South Australia announces six-day state-wide lockdown to stifle new highly contagious virus outbreak

(Reuters) – South Australia announced a six-day lockdown of the state on Wednesday to stamp out a fresh coronavirus outbreak that has now expanded to 22 cases, warning the strain of virus was highly contagious with a 24-hour infection rate.

As of midnight, a series of wide-ranging mobility restrictions will be imposed on homes and businesses for six days to allow “breathing space” for contact tracing, South Australia state Premier Steven Marshall said.

“We need this circuit breaker, this community pause. This is about South Australia pausing so that we stay ahead of the virus,” he said.

“We are going hard and we are going early. Time is of the essence and we must act swiftly and decisively.”

Chief Public Health Officer Nicola Spurrier said this particular strain of virus had a “very, very short incubation period,” which means when somebody gets exposed it takes just 24 hours or less for that person to become infectious.

The lockdown will mean people will be restricted from going outside of their homes, with only one person per household allowed to leave each day, but only for specific purposes.

Masks will be required in all areas outside of the home.

All schools, takeaway food, pubs, cafes and universities will be closed, along with the construction industry, which has been allowed to operate during past lockdowns in Australia.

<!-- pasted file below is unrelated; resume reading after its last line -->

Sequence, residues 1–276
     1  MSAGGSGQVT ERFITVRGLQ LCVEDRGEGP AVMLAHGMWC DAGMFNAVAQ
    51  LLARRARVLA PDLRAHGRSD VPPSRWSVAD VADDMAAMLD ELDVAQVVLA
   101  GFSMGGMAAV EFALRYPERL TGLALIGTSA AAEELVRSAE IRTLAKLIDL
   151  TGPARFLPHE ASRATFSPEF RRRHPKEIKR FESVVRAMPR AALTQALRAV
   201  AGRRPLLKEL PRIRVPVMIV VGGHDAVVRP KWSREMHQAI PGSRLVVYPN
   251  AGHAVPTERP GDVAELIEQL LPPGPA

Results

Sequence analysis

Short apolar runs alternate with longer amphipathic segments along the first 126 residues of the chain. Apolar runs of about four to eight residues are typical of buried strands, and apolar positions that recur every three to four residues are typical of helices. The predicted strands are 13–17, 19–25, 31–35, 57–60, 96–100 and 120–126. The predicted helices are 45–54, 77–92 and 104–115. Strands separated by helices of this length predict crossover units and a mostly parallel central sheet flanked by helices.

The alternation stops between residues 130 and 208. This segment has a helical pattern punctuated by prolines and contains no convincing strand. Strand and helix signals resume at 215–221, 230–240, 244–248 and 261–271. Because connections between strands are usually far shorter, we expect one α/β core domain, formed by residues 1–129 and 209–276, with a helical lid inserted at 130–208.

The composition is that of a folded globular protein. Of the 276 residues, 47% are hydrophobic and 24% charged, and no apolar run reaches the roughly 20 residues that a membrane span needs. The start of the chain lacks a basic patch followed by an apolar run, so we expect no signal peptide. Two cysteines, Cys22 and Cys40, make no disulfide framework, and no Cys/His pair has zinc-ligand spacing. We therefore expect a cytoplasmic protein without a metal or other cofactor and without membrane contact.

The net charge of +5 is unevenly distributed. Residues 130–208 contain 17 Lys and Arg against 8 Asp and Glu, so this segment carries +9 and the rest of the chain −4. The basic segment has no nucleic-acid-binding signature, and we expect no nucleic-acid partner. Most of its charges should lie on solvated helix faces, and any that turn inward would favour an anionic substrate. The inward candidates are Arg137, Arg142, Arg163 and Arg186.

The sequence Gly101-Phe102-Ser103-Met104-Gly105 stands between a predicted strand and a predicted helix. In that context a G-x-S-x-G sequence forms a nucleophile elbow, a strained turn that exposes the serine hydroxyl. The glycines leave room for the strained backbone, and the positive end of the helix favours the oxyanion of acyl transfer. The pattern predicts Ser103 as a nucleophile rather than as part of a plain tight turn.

Aged care and disability residential facilities, some of the most vulnerable to corornavirus, will be locked down.

Weddings and funerals will be banned, along with open real estate auctions and outdoor exercises. Factories other than food and medical products will be closed.

Regional travel is also not approved and FIFO (fly in fly out) resource work will be stopped for six days.

The latest outbreak is linked to an Australian who arrived in the state capital Adelaide from overseas on Nov. 2 and entered mandatory quarantine in a hotel. Hotel workers are believed to have contracted the virus after touching a contaminated surface.

South Australia had gone without a local transmission since Oct.31. It now has had a total of only 551 cases.

Elsewhere, in Victoria state, which was the epicentre of Australia’s nearly 28,000 cases until last month, clocked its 19th straight day of zero new cases.

New South Wales state, of which Sydney is the capital city, reported zero local and seven imported cases.